ESPN RISE catches up with Clay Matthews

ESPN RISE caught up with former USC star linebacker Clay Matthews III, who's a potential first-round pick in the 2009 NFL draft. But Matthews' football career didn't always look so promising. When he was a junior at Agoura (Agoura Hills, Calif.), Matthews didn't even start on the varsity team where his dad, Clay Matthews, a former Pro Bowl linebacker, was the defensive coordinator. By the time he was a senior, Matthews was an unknown in recruiting circles and garnered interest from I-AA programs and junior colleges.

But after graduating from Agoura in 2004, Matthews decided to walk on at USC, where his father and uncle, NFL Hall of Famer Bruce Matthews, starred. Matthews had to prove himself all over again and it finally paid off his senior year, when he became a standout starter for the Trojans. He finished the year with 56 tackles, including five in USC's win over Penn State in the Rose Bowl.

Matthews took time out from preparing for the draft to answer five questions about his incredible rise to stardom.

ESPN RISE: What was it like being benched as a junior when your dad was the defensive coordinator?
Matthews: It's obviously frustrating when you're not playing. But looking back on it, I wasn't ready. I wasn't big enough, strong enough or smart enough.

RISE: How did past experiences of being slighted lead you to become the player you are today?
Matthews: I was always having someone saying I was undersized and I wasn't ready. I think that's why I played with such a chip on my shoulder. As a walk-on [at USC], I did have to work harder.

RISE: What motivated you to decide to try to walk on at USC?
Matthews: The biggest thing really is that there's so much SC history in my family, and I kind of felt like that's where I wanted to end up. I didn't think I'd be in the position I am today, but I started to learn every day in practice that I could be so much more.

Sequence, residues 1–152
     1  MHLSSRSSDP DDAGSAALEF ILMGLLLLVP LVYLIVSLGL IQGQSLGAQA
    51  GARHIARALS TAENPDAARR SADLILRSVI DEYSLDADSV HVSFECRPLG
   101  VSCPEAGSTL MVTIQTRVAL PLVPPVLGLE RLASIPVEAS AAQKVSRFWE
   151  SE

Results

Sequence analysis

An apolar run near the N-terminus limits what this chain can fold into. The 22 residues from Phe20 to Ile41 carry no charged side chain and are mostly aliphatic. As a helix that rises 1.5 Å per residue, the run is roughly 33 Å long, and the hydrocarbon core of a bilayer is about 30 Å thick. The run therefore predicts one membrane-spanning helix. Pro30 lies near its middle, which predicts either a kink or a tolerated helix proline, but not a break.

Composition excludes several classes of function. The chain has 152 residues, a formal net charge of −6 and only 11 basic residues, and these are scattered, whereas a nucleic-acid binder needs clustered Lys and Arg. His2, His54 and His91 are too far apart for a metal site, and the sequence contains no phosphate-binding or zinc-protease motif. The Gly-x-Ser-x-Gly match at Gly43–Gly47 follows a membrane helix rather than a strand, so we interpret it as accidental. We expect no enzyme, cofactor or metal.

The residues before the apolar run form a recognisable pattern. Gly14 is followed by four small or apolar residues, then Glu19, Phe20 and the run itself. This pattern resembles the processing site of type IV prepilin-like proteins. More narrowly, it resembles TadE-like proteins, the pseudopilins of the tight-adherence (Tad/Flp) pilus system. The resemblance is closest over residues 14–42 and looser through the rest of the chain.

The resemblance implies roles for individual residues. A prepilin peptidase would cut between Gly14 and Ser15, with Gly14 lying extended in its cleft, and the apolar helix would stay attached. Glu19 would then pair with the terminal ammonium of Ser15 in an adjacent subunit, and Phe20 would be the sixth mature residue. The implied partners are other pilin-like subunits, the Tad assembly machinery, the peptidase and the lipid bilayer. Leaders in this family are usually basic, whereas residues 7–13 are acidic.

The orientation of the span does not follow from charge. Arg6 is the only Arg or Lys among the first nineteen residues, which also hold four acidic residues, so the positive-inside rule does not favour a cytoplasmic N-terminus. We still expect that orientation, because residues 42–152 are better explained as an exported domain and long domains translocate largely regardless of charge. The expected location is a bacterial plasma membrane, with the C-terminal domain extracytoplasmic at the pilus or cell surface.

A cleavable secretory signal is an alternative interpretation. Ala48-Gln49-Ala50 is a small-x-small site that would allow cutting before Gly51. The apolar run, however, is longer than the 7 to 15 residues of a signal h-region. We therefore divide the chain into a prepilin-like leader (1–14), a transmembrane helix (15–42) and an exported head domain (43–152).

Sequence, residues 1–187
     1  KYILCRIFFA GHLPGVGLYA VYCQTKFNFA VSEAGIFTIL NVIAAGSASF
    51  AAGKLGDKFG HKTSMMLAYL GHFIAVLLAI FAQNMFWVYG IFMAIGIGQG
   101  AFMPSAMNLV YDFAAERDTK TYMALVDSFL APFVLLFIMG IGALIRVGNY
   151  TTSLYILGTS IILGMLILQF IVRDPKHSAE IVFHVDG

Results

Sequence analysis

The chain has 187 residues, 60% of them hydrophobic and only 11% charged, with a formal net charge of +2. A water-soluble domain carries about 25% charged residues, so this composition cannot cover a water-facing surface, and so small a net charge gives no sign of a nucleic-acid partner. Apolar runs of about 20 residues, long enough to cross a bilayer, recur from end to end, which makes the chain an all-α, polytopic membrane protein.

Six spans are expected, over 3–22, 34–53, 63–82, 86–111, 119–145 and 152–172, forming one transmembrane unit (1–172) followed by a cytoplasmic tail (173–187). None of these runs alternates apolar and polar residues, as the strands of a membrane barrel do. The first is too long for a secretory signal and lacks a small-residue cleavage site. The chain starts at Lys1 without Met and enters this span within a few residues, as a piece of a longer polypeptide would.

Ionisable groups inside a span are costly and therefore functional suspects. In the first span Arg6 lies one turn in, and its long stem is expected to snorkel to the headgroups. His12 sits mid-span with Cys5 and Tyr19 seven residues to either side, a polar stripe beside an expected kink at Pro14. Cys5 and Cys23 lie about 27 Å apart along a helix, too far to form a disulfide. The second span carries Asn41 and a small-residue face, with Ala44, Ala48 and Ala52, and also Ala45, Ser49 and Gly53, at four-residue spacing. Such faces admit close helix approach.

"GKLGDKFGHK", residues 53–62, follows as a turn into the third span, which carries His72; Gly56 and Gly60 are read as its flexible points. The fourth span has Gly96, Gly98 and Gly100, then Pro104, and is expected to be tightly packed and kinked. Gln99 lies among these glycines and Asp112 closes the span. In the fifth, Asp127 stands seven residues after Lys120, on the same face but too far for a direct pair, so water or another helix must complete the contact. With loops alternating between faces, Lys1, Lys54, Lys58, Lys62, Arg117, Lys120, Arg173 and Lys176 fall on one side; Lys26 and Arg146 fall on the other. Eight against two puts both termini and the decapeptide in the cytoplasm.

RISE: What do you credit for you making it further than the majority of players who were rated higher than you in high school?
Matthews: I think it's more of a testament of how much harder I've worked. It's not every day you hear about a walk-on being a potential first-round pick.

RISE: What advice would you give to someone in your position now, and how do you feel being perceived as a role model?
Matthews: Who am I to tell someone they can't play Division I football? I was told I couldn't do this, and look at where I am now. I'm proving everybody wrong, including myself. It really builds a strong work ethic. Just because I've been able to live it, I didn't really think it was special. It really puts it into perspective. Hopefully, they can follow my example, and if not be successful hopefully learn a lot through life experiences.

More Draft Prospects Who Surprised Experts

Besides Matthews, there are a number of other top prospects who weren't on the recruiting radar back in high school. Here are the five who are the biggest surprises. Players listed in alphabetical order

Aaron Curry
E.E. Smith (Fayetteville, N.C.)
Linebacker, Class of 2004
Curry ended up signing as an unheralded recruit with a school known more for its hoops (Wake Forest) than its play on the gridiron. Five years later, Curry was in the discussion for the No. 1 overall pick in the draft.

Larry English
Marmion Academy (Aurora, Ill.)
Linebacker, Class of 2004
Usually top players in the greater Chicago area are scooped up by the likes of Notre Dame and Illinois. But aside from some mid-major interest, nobody knew about English. So he signed with Northern Illinois, where he became a potential first-round pick.

Jarron Gilbert
Chino (Calif.)
Defensive tackle/end, Class of 2004
You couldn't even find Gilbert in recruiting databases in 2004. Luckily, San Jose State discovered him, and he delivered a whopping 22 tackles for loss in his final season. He'll likely hear his name called within the first two rounds of the draft.

B.J. Raji
Westwood (Washington Township, N.J.)
Defensive tackle, Class of 2004
Though Raji was a star at Westwood, he didn't receive too much interest from the college football world. No matter. All he did was become a star at Boston College, and will likely be the first defensive tackle selected in this year's NFL draft.

Jason Smith
W.T. White (Dallas)
Offensive tackle, Class of 2004
Smith wasn't even considered a top 100 recruit in his state, let alone the country. And he started out at Baylor as a tight end. But after moving to offensive tackle, he transformed himself into an All-American, and potentially the No. 1 offensive lineman selected in this year's draft.

Jon Mahoney covers high school sports for ESPN RISE Magazine.